Yemen: Increasing displacement challenges humanitarian agencies
TitleYemen: Increasing displacement challenges humanitarian agencies
Continuous conflict in Abyan, Southern Yemen, has resulted in increasing numbers of Internally Displaced Persons (IDPs) fleeing to neighboring districts. According to the latest OCHA situation report, currently there are 10,000 IDPs from Abyan in Lahj and 15,000 in Aden. Another 15,000 IDPs are said to be scattered around conflict areas in Abyan, but the number cannot be confirmed due to limited access to the area.
Most of the IDPs in Lahj are living with host families, while in Aden they are living in 33 schools. Reports of intense combat between security forces and militant groups in Lahj raise concerns about a second displacement of IDPs from Abyan.
A mission comprising several humanitarian agencies took place on 12 June in order to identify the numbers and needs of displaced people. Shelter, food, water, protection, and health care are urgently needed in Aden and Lahj. Information on humanitarian needs within Abyan Governorate remains difficult, but a preliminary assessment indicates the main emergency need for IDPs in Abyan is food.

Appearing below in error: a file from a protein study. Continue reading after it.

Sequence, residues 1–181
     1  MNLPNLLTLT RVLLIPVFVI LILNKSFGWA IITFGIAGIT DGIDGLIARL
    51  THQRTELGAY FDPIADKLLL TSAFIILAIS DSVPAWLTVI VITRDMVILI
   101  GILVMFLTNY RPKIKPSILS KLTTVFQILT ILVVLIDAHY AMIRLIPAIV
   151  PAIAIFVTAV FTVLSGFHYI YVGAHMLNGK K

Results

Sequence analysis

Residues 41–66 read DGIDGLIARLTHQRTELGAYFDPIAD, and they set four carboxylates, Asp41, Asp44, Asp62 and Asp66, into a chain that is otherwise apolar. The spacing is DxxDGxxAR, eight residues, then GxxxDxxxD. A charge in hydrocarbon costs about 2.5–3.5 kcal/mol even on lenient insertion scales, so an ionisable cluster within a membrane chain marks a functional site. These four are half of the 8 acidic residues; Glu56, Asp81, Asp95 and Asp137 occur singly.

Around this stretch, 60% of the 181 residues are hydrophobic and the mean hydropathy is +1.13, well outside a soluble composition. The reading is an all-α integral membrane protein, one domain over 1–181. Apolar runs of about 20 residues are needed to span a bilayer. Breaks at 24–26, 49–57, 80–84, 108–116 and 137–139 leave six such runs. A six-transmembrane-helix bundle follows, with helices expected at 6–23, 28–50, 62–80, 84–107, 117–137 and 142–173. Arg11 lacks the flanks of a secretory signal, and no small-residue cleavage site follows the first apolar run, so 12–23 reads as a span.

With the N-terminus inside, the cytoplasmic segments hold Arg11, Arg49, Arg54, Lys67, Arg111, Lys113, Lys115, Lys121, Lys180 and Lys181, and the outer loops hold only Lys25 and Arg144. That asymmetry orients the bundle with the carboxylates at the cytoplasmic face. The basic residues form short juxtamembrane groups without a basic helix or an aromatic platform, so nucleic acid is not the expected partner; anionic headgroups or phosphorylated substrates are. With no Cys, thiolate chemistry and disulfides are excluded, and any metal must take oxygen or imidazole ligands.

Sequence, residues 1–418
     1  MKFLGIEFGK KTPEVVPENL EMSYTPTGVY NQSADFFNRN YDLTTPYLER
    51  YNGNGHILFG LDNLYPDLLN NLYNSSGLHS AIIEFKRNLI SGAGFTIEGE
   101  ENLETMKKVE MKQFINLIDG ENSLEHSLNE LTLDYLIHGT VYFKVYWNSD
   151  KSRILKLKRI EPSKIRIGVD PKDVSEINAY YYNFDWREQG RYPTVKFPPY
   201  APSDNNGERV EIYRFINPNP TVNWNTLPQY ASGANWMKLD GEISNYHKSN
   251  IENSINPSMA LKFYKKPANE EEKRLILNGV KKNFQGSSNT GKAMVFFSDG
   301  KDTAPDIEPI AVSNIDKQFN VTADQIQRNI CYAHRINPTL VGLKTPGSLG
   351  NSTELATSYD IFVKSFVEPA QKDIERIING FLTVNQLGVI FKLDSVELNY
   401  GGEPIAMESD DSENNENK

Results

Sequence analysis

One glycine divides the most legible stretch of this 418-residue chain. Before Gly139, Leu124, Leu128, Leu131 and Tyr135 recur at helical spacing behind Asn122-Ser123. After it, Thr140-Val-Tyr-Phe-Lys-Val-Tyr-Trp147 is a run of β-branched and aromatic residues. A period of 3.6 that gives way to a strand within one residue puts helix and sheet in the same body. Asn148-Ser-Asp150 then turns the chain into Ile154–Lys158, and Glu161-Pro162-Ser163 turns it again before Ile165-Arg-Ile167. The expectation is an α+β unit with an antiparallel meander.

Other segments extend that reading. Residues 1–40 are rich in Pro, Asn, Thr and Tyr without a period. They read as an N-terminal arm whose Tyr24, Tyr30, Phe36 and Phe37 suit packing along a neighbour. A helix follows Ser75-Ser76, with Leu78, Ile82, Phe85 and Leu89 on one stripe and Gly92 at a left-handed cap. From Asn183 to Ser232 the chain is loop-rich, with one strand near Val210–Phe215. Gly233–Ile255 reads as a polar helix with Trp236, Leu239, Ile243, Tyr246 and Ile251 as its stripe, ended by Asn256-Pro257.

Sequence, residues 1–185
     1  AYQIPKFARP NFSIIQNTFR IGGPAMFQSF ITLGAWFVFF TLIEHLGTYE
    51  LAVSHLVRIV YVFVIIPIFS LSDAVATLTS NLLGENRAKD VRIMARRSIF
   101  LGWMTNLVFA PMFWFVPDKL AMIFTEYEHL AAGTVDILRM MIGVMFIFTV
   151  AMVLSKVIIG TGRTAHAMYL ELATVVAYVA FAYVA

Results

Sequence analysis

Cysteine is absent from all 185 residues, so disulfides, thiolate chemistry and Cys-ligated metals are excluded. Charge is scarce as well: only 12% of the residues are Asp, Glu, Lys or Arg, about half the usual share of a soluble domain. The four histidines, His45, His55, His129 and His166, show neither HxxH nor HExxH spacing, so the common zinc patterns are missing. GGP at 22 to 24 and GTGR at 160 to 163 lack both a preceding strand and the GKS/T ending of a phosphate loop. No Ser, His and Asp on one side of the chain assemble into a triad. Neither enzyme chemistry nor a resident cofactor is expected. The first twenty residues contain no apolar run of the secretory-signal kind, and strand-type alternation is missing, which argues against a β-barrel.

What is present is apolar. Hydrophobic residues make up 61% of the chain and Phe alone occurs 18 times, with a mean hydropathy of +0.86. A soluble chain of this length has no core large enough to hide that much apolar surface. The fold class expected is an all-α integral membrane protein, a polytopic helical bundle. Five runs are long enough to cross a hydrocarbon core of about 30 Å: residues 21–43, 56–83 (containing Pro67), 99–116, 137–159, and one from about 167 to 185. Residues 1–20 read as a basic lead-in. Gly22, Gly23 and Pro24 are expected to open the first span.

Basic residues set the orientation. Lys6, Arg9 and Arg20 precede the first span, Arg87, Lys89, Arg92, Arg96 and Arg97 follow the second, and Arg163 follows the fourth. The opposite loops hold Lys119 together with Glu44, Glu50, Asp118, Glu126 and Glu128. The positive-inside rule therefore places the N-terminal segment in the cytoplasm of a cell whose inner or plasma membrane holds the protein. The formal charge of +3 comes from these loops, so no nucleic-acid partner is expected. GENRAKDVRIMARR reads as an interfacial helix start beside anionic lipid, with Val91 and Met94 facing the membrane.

200 new cases of cholera have been reported in Abyan Governorate. Humanitarian workers are exploring ways of working with local communities to prevent and control cholera outbreaks.
Food assistance is being provided to approximately 22,000 people in Aden and Lahj. The distribution of non-food items (NFIs) such as clothes, blankets, kitchen sets, and soap is also ongoing in these two areas. Water, sanitation, and hygiene partners are establishing water systems at strategic locations in the south for IDPs.
Two mobile clinics are now delivering medical assistance to IDPs in Aden and one mobile team is operational in Lahj. Trauma and emergency health kits have been distributed to field and referral hospitals in Aden for those with minor injuries.
However, if the number of IDPs continues to increase, current humanitarian capacity may prove insufficient. Lack of fuel might further exacerbate the situation as several humanitarian activities such as health care, water, and sanitation rely on fuel to function.
More>> OCHA Situation Report #2